S.C. Gov. Henry McMaster made good on a campaign promise Friday, when he announced he had vetoed nearly $16 million in health care services in an effort to defund abortion clinics like Planned Parenthood.
"Taxpayer dollars must not directly or indirectly subsidize abortion providers like Planned Parenthood," McMaster told reporters Friday. "There are a variety of agencies, clinics and medical entities in South Carolina that receive taxpayer funding (that) offer important women's health and family planning services without performing abortions."
Attacking Planned Parenthood is a popular campaign tactic for Republicans.
But critics say the governor's action falls short of his intended mark, still leaving some state and federal money for the abortion provider on the table. They also add the measure won't stop abortions from being performed in South Carolina.
Planned Parenthood gets less than 1 percent of the state's Medicaid money, none of which pays for abortions. However, it does pay for other health care services, including birth control, testing for sexually transmitted diseases and gynecological exams.
Last year, Planned Parenthood's two S.C. clinics received $82,000 of the $42 million paid out to the state's 4,000 health care providers that treat Medicaid patients, according to the state Office of Revenue and Fiscal Affairs.
"It seems (like) an awful political move at this time," said Vicki Ringer, spokeswoman for Planned Parenthood Votes South Atlantic.
The Richland Republican vetoed almost $16 million in health care dollars from the state budget: $2.2 million in state money and the rest in federal grants. That was among 42 vetoes he announced Friday. He also struck from the budget:
▪ A one-year law that would have removed so-called "other funds" state colleges and universities receive — for example, student fees and television contracts — from being reflected in the state budget. The governor's office said the veto ensures transparency. South Carolinians have a right to see how much money state colleges bring in beyond just state appropriations, McMaster's office said.
▪ A one-year law that would have created a statewide data system to track and improve the state's workforce outcomes. The governor's office called the proposal a "meritorious idea," but said it contained too many loopholes and had accountability issues.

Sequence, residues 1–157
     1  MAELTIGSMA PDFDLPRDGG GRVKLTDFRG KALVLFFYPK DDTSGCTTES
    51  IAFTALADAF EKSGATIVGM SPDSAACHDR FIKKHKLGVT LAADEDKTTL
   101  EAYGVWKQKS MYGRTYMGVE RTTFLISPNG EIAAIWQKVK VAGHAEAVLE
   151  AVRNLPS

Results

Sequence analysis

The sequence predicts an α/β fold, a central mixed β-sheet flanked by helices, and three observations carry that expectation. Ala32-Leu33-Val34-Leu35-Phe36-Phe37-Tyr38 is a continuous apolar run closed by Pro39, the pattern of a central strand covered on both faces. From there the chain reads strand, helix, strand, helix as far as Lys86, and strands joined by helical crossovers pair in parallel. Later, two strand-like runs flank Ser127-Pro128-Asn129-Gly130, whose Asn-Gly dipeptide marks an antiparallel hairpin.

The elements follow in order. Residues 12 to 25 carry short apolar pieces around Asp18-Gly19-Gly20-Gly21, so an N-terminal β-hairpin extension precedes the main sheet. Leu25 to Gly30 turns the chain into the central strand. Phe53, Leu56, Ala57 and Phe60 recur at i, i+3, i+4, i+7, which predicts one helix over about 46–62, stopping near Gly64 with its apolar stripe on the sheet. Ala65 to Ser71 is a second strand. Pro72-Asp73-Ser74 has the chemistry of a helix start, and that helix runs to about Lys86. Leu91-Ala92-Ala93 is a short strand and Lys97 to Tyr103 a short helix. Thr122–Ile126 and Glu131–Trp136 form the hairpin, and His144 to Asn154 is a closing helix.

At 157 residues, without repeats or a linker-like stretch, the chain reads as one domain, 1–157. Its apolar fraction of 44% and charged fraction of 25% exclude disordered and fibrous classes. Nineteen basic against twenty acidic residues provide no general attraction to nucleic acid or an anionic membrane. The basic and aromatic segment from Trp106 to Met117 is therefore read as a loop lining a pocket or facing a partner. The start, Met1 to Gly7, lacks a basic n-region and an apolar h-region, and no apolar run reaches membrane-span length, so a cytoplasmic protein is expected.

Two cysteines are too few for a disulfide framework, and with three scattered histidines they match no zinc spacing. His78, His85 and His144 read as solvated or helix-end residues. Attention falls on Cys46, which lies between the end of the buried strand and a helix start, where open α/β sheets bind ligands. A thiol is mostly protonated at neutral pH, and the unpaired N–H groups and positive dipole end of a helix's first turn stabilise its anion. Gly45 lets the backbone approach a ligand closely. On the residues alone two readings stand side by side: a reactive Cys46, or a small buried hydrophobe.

▪ A one-year law that the governor's office said would have given preferential adoption treatment to foster parents ahead of family members if a child remained with a foster family for nine months. That problem should not be addressed by the budget, McMaster's office said.
McMaster did not veto $54 million slated to pay for a new forensics lab for the State Law Enforcement Division. He also did not veto a proposal that seeks to encourage retired police officers to come back to work as school resource officers.
With McMaster's actions Friday, the state budget goes into effect, one week after lawmakers passed it in a special session.
The Legislature will return for another special session in September and decide whether to override his vetoes. However, his veto to strip Planned Parenthood of taxpayer funding is expected to be supported by the Republican-controlled Legislature.
McMaster — up for election in November against Democrat James Smith, who called McMaster's actions Friday "all about throwing red meat to his base" — made his opposition to abortion a hallmark of his gubernatorial campaign. So did Republican state lawmakers and McMaster's GOP primary opponents, including Lt. Gov. Kevin Bryant, R-Anderson.
Bryant, who in June lost the GOP primary to McMaster, commended McMaster on Friday but added his sole veto will not stop tax dollars entirely from flowing to abortion providers since there are other pockets in the budget that support Planned Parenthood.
"This veto does not fully defund Planned Parenthood and other abortion providers," Bryant said. "Six thousand baby girls and baby boys deserve more."
But McMaster told reporters, "That is the best way we could do it. That's the strongest signal we can send, (and) it's the most responsible way to do it."
McMaster said Friday he will keep vetoing money headed toward Planned Parenthood until South Carolina gets permission from the federal government to defund the abortion providers by exempting them from the state's Medicaid provider network.
Providers do not get taxpayer dollars to perform abortions, except in cases of rape or incest or when the mother's life is at stake.
In 2015-16, taxpayers paid for five abortions that fit that exemption — three to save the mother's life and two because the pregnancy resulted from rape or incest. The procedures were done at hospitals, not Planned Parenthood clinics.
"It's too bad he (McMaster) played politics with South Carolina's health," Ringer said. "Seems like a low dive for our state."